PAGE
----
Thursday, August 29, 2013

They Believed They Were Cherokee: the 1906 Application of SILOAMA WHITECOTTON BRUTON to the Eastern Cherokee Tribe

This past week I was finally able to access the entire application to the Eastern Cherokee Tribe that was made in 1906 by my great grandmother SILOAMA K  WHITECOTTON BRUTON, her son JAMES JASPER BRUTON,  and her daughter MINTTIE MAY BRUTON HUBER (my grandmother).

Previously I had only found an abridged record, with just the names of the applicants and the date that the applications were rejected.

The entire application and all correspondence are in a file at the National Archives.  I was able to obtain scanned copies of the original file via the website Fold 3.

The application was rejected and tribal status was denied based on SILOAMA's claim of Cherokee blood through her father JAMES MONROE WHITECOTTON b 1825 Jackson Co Alabama.  She claimed that MONROE was a half-breed Cherokee, his father (whom she mistakenly names as  EPHRAIM WHITECOTTON in the application) was a full-blood Cherokee, as was his mother, whom she named as "Grandmother STUMP".

This was entirely untrue and incorrect. Thus tribal status was denied.

It's also important to note that no other members of this particular branch of the Whitecotton family ever made application to the Eastern Cherokee Tribe.  None of JAMES MONROE WHITECOTTON's brothers or his sister, many of whom lived in Arkansas,  ever made such a claim. Neither did any of MONROE's aunts, uncles or cousins in Jackson Co Alabama or Texas--most likely because they actually knew their grandmother ELIZABETH STUMP WHITECOTTON, mother of  MOSES WHITECOTTON who married HAPPY (MONROE's parents).

Here is the 3 page application of SILOAMA K WHITECOTTON BRUTON to the Cherokee Tribe:

Included in the file was a hand-written letter by my grandmother's brother, JAMES JASPER BRUTON.  There was also a letter by my grandmother, MINTTIE MAY BRUTON HUBER, but unfortunately it was so faded that I could not easily transcribe it.

Here is a transcription of JAMES J BRUTON's letter to Hon. GUION MILLER of Washington DC, my notes in red:

Sparta, Mo.   June 26, 1908

Hon. Guion Miller, Washington, D.C.

I received your letter of the 15th and ...(illegible)...with care.
1) I do not know whether any of my race was enrolled or not.  If any of them was enrolled I never heard them say anything about it.  
Grandpa said there was something coming from the old settlement, but he did not know how to get at it.  All I know is what they taught us, Grandpa and my mother (MONROE WHITECOTTON and Mrs SILOMA KINNER BRUTON).
2) None of my ancester were slaves.
3) We pass as white in our community.
4) I do not know whether any of my ancestors were parties to the treaties of 1835-6 or 1846, or not. When the Cherokees left Georgia, Tennessee & Alabama, he, MONROE WHITECOTTON remained.
5) MONROE WHITECOTTON is the ancestor through whom we claim our right to share in this fund. There was not but one or two of Granfather's people that could write. All we know is what Grandfather's people or ancestors taught him and he taught us.
Grandfather WHITECOTTON's grandmother was a STUMP by name. He said she was a full-blood Cherokee. He said his father was mixed blood (Note: this is entirely untrue and incorrect; MONROE's grandparents were ISAAC NEWTON WHITECOTTON & ELIZABETH STUMP; the STUMPs were German/Swiss immigrants who settled in the Valley of Virginia, in what is now West Virginia. ISAAC NEWTON WHITECOTTON's father was JAMES WHITECOTTON, a Rev War veteran, also a settler in the Valley of Virginia.  Both families are easily traceable and in records in Hampshire & Hardy Co VA, now W VA. MICHAEL STUMP Sr, the grandfather of ELIZABETH STUMP, had his land grant surveyed by a young surveyor from Virginia named GEORGE WASHINGTON)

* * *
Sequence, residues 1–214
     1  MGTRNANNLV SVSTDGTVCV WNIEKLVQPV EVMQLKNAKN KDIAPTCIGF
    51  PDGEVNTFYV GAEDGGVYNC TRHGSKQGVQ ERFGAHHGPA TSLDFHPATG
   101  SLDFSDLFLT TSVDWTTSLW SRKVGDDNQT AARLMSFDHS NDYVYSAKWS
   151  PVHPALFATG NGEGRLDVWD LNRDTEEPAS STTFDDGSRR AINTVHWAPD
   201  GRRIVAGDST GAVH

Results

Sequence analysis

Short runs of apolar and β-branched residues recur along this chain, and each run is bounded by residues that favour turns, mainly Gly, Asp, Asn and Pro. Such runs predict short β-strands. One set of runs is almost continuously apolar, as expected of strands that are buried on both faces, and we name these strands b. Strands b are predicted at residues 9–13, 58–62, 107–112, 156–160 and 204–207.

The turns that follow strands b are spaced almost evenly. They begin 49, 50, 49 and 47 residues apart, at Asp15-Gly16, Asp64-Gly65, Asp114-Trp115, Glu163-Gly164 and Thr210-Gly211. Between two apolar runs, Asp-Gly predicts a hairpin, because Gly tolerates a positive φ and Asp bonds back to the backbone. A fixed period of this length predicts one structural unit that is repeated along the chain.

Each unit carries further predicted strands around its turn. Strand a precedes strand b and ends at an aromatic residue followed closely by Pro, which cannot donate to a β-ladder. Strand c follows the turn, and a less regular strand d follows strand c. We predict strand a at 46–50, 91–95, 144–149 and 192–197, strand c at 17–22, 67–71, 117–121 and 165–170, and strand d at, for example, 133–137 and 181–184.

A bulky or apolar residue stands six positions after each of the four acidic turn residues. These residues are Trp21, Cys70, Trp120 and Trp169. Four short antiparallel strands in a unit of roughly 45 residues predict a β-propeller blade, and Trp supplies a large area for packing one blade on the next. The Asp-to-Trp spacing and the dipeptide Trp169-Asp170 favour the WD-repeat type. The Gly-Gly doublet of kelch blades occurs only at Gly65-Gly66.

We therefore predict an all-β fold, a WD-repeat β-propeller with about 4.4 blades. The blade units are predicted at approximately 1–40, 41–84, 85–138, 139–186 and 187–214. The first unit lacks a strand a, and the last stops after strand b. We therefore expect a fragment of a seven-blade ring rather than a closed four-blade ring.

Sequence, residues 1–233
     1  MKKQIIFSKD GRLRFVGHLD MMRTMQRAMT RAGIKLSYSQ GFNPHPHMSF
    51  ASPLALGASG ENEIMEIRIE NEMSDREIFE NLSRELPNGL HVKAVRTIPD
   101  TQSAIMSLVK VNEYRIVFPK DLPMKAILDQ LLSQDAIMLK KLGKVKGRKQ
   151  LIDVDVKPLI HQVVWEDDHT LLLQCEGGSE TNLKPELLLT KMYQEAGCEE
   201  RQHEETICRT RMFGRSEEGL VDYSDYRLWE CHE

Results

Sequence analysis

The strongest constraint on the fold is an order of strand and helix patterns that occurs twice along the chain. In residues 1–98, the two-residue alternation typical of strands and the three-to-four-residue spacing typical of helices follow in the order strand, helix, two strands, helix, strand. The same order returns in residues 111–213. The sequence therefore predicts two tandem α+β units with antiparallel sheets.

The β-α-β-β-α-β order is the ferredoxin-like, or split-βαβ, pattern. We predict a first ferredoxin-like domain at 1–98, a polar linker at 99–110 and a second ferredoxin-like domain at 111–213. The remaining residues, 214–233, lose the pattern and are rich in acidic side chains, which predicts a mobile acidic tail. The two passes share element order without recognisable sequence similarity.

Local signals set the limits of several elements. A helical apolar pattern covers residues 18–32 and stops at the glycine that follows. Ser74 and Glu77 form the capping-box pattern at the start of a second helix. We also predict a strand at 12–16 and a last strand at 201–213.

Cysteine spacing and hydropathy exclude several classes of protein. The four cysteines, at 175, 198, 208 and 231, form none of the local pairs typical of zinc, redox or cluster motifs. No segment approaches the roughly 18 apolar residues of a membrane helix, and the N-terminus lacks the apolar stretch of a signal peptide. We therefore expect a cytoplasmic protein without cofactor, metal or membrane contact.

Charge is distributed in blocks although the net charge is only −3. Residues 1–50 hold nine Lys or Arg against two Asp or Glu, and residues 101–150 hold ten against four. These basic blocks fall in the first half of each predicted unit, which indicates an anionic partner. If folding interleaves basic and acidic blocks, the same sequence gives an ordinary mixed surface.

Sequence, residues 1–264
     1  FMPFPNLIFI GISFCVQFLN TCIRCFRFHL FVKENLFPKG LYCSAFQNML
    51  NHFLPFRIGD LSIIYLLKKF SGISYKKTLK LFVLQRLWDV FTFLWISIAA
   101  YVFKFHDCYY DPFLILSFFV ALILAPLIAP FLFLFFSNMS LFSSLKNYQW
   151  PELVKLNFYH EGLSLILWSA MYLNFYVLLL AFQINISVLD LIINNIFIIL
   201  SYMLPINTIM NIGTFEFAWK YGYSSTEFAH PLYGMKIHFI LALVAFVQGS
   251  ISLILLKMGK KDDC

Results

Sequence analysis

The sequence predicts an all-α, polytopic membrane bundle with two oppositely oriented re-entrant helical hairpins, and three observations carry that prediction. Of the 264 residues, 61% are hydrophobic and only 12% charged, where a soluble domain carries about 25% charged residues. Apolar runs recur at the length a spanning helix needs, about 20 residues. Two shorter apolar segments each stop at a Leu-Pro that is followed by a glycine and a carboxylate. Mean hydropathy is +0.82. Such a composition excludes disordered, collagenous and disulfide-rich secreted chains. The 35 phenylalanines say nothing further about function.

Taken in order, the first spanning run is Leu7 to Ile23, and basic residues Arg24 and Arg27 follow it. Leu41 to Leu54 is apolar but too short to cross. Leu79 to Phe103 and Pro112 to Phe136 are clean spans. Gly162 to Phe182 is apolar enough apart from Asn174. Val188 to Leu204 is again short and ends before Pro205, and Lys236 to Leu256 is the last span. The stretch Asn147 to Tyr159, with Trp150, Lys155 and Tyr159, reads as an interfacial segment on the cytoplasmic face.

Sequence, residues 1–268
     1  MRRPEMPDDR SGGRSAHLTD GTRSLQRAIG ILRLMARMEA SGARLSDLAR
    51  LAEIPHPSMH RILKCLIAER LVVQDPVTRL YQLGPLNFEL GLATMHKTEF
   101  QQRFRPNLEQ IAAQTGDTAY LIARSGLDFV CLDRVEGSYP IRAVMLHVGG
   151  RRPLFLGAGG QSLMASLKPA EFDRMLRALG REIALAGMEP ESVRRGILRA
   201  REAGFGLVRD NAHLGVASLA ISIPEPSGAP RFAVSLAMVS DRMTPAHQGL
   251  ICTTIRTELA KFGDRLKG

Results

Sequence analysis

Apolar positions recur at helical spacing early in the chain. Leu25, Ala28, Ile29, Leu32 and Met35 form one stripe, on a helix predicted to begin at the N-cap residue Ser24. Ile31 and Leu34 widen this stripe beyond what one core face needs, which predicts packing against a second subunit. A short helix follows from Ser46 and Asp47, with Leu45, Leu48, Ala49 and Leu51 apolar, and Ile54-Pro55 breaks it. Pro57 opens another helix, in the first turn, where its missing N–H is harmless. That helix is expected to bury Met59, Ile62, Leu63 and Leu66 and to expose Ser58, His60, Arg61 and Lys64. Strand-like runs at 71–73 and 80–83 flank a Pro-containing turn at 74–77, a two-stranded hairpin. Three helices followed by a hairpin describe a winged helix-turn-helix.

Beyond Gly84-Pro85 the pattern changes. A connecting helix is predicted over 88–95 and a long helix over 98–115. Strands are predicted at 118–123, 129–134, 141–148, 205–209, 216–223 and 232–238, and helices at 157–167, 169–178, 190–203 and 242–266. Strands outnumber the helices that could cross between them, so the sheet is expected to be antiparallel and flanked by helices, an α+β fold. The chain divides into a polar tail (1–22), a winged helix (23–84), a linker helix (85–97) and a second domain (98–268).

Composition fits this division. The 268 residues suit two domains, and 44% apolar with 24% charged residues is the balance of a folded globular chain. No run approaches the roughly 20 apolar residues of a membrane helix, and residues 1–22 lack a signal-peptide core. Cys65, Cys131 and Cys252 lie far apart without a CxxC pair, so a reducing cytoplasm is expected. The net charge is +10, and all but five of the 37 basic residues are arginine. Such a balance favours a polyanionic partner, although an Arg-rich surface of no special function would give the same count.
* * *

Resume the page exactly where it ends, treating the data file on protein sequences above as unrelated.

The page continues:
Grandfather (MONROE WHITECOTTON), my mother (SILOAMA WHITECOTTON BRUTON) and myself are of a copper color, long straight black hair, high cheek bones. My mother's hair was nearly four feet long.  We have Cherokee characteristics. Grandfather said he was with the Cherokee about 15 years. He died about two years ago, age 82 years of age. My mother died 28 of March, 1908.
S K BRUTON is my mother's name, not S K BENTON (referencing an error in Miller's previous letter) 
Grandfather's Grandmother Stump, she said, was 104 years of age when she died. (Note: ELIZABETH STUMP WHITECOTTON died at age 82 in Jackson Co Alabama; she lived with her daughter Nancy Whitecotton Ross according to the  1850 census, and with her daughter Sarah Whitecotton Davis according to the 1860 census) 
She taught him he was Cherokee.  He taught us.
Grandpa (JAMES MONROE WHITECOTTON) died in Jackson County Alabama.  Hollywood was his P.O. 
I would give you his Indian name if I wasn't afraid that I would not spell it right. I know it but can't spell it.
Very Respectfully yours,
James J Bruton
My mother (SILOAMA BRUTON WHITECOTTON) said she remembered being with the Cherokee when little, going to dance. My mother was a fortune teller.
 (NOTE:  The myth of Cherokee ancestry was likely started by JAMES MONROE WHITECOTTON himself; he was a thief, a scaliwag and a womanizer--having at least five known "wives" and several illegitimate children.)

The two most important pieces of information that I found on the above application was

1) SILOAMA's full name (SILOAMA KINNER WHITECOTTON; she married BENJAMIN B BRUTON in Sparta, Christian Co Missouri)  and

 2) the  maiden name of HAPPY who married MOSES WHITECOTTON. In the application HAPPY is named as "APPIE RIDDLE".

So, if the Whitecottons and Stumps were not Cherokee, what is the source of the copper-olive colored skin and black hair that is so prevalent in descendants of JAMES MONROE WHITECOTTON?

The answer might lie in the ancestry of HAPPY RIDDLE WHITECOTTON, which I will address in my next post.

Have a great day!


© Betty Tartas  2013

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